Two exhibits focus on the groundbreaking work of early 20th century photographer Lewis Hine whose subjects were child labor, the building of the Empire State Building, Ellis Island and Immigration. Later Hine documented workers and working conditions of the New Deal in pictures showing the variety of agricultural, manufacturing, and mining activities.
ZOE STRAUSS: 10 Years
Photographs originally exhibited in annual outdoor exhibits in a public space under Philadelphia's I-95 are searing, unflinching looks at the economic struggles and hardscrabble lives of people in Zoe Strauss' community. A self-taught photographer and political activist, Strauss sees her work as a type of social intervention. www.icp.org
PARTICIPATORY CITY: 100 Urban Trends from the BMW Guggenheim Lab
What may be mistaken for a giant grey potato is an inventive garden bench. Each of the indentations collects rainwater and stores it in the bench and an underground tank to be handy for later use watering the garden. Designed to help ease the water shortage in Mumbai, it is one of the solutions resulting from the two-year collaboration between the Guggenheim Museum and BMW. At the community center set up in New York, Berlin, and Mumbai, residents engaged with the Lab's free public programs, urban projects, and research initiatives to explore new approaches to urban living and new thinking about cities. One hundred of the most talked-about ideas are on display in the museum through January 5th. www.guggenheim.org
And here are some tasty dishes we've come across one way or another
PESTO COOK OFF
Give 16 different cooks the same ingredients: basil, oil, salt, pine nuts, garlic, cheese and tell them to make the same thing. What do you end up with: sixteen different versions of pesto!! Using wood pestles, (marble is too hard and grinds down the texture) the ingredients are blended, and the experts advise that it's all in the wrist. Saltier, cheesier, nuttier, every batch was different. And all of them were delicious. Organized by the Italy-American Chamber of Commerce, the event promoted Ospitalita Italiana, the "Authentic Italian Table" and great Italian restaurants in New York.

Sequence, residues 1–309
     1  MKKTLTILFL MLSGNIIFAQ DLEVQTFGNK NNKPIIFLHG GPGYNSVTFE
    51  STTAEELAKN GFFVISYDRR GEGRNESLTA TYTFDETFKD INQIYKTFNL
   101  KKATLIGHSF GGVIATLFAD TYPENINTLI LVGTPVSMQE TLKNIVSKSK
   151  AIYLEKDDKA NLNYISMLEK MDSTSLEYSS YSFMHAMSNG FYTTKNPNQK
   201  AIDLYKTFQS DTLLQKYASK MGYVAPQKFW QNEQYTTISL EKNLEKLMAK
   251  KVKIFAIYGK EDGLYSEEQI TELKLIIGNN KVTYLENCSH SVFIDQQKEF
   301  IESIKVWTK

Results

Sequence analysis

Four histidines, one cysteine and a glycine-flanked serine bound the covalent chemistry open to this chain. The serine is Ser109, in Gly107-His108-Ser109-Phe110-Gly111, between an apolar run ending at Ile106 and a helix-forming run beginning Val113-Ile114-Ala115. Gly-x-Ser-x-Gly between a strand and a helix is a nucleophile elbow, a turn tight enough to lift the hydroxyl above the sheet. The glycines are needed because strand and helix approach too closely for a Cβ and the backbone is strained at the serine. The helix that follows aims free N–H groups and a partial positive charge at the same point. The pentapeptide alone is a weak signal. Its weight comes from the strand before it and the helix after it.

KITCHEN, SOUL, DESIGN: l'Italia che vivre
Over in Loft Eleven/Studio 450, the cooks were noted restaurant designer Adam Tihany, Eataly stores executive Dino Borri, and chef Cesare Casella. Organized by FederlegnoArredo, the Italian Federation of wood, cork, furniture, and furnishing industries and moderated by Fern Mallis the evening focused on the innovation and beauty of Italian kitchens, spaces with a vibrant soul that become theatres of creativity and emotion -- vibrant background sources of delicious cuisine.
There was an exotic scarf dancer twirling overhead and a bank of tv screens projecting video stories, but we were distracted mainly by the food served at the opening of Suite 36, a new restaurant and lounge in midtown. Crab beignets in. www.suite36nyc.com